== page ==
As a full-time missionary, what is natural and normal will vary from what it is before or after your mission. On your mission, you have a calling, you have been set apart as a representative of Christ, you wear a white shirt and tie and a name tag, and therefore approaching strangers, opening your mouth, and having spontaneous religious discussions can be completely natural and normal. As a member spontaneous religious discussions with complete strangers would likely not be natural and normal. Natural and normal ways of sharing the gospel as an everyday church member do occur, but generally under different circumstances.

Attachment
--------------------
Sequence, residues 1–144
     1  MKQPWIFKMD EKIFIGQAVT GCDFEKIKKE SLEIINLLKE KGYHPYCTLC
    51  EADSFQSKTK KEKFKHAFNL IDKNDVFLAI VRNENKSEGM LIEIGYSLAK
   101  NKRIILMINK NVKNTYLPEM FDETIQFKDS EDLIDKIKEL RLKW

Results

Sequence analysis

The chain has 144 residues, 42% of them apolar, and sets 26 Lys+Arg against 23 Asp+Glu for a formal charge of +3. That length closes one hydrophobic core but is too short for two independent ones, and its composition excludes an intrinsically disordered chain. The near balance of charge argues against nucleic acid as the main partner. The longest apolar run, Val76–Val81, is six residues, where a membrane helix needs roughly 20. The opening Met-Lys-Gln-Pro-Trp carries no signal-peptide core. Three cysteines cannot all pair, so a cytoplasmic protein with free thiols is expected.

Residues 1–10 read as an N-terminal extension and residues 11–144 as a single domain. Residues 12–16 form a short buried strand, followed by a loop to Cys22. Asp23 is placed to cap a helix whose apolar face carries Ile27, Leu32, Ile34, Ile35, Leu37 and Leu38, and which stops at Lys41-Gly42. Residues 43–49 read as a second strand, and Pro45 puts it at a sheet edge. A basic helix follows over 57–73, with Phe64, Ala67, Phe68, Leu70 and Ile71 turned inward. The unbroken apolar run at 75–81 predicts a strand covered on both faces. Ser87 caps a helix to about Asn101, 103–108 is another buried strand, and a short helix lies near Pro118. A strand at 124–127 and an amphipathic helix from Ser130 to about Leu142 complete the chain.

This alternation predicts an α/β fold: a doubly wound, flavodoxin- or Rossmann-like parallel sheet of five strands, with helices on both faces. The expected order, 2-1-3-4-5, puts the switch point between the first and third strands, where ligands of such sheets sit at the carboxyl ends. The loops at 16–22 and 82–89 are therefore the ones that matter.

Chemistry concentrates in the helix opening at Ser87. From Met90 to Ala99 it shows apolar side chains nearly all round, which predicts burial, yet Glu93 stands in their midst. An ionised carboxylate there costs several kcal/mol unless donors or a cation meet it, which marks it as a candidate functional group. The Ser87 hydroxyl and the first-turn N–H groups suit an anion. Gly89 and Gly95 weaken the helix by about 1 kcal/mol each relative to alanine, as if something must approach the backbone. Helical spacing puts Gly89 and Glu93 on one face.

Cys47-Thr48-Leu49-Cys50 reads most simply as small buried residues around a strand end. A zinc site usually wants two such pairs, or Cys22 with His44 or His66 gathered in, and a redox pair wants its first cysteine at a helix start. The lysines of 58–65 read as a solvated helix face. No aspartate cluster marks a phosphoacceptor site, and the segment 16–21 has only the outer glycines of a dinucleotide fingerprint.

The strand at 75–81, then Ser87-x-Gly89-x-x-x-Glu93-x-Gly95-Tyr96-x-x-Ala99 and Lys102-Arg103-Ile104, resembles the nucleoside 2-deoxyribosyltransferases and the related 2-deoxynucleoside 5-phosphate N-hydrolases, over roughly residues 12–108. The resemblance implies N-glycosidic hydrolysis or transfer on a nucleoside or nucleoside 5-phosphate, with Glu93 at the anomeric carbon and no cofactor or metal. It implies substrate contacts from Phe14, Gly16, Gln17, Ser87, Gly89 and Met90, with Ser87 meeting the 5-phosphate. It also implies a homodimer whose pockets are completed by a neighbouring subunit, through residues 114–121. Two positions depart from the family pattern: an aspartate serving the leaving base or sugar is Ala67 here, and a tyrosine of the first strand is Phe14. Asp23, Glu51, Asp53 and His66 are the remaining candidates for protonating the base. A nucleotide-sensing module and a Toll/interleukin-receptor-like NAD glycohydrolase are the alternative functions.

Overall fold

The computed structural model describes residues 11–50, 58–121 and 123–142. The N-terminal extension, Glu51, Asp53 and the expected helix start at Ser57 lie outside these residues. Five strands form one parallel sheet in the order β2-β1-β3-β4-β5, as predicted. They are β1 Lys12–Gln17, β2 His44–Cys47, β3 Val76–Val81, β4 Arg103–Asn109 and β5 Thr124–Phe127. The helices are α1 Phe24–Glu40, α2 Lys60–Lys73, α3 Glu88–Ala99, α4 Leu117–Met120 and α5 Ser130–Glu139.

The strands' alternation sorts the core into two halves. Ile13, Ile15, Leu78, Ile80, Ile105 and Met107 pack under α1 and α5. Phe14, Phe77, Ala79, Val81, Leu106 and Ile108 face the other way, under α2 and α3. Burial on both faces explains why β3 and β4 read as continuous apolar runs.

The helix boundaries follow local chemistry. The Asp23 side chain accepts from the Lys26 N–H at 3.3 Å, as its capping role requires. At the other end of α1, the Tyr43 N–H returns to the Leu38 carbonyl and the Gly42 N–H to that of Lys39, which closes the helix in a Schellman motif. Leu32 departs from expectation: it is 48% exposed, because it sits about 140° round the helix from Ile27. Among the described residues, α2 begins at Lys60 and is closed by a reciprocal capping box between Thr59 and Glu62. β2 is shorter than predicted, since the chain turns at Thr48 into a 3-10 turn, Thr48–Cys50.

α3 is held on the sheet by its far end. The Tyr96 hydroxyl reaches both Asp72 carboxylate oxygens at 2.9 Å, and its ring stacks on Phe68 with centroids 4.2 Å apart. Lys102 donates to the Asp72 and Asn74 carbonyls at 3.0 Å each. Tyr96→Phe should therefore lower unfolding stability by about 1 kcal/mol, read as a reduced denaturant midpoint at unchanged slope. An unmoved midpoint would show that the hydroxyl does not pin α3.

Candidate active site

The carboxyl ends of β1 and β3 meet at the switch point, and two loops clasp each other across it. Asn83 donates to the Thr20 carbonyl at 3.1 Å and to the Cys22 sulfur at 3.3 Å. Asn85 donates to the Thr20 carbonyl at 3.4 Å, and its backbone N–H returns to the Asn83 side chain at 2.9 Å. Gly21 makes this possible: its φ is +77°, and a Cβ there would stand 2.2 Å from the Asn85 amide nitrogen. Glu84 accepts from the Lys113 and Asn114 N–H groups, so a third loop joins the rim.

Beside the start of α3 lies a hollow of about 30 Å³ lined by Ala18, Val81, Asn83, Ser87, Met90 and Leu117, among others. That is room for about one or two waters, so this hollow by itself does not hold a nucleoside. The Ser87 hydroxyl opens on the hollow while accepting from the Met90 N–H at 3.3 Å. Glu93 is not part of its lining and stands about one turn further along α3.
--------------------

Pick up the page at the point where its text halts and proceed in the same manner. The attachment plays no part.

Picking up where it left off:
In his April 2012 General Conference talk, Was It Worth It?, Elder David F. Evans expounded on the theme natural and normal ways to share the gospel of Jesus Christ. Said he:

“The work of naturally and normally sharing the gospel with those we care about and love will be the work and joy of our lives. Let me tell you about two such experiences.

Dave Orchard grew up in Salt Lake City, where most of his friends were members of the Church. They were a great influence on him. In addition, Church leaders in his neighborhood constantly invited him to activities. His friends did the same. Even though he didn’t join the Church at that time, his growing-up years were blessed by the influence of good LDS friends and Church-sponsored activities. After he entered college, he moved away from his home, and most of his friends left on missions. He missed their influence in his life.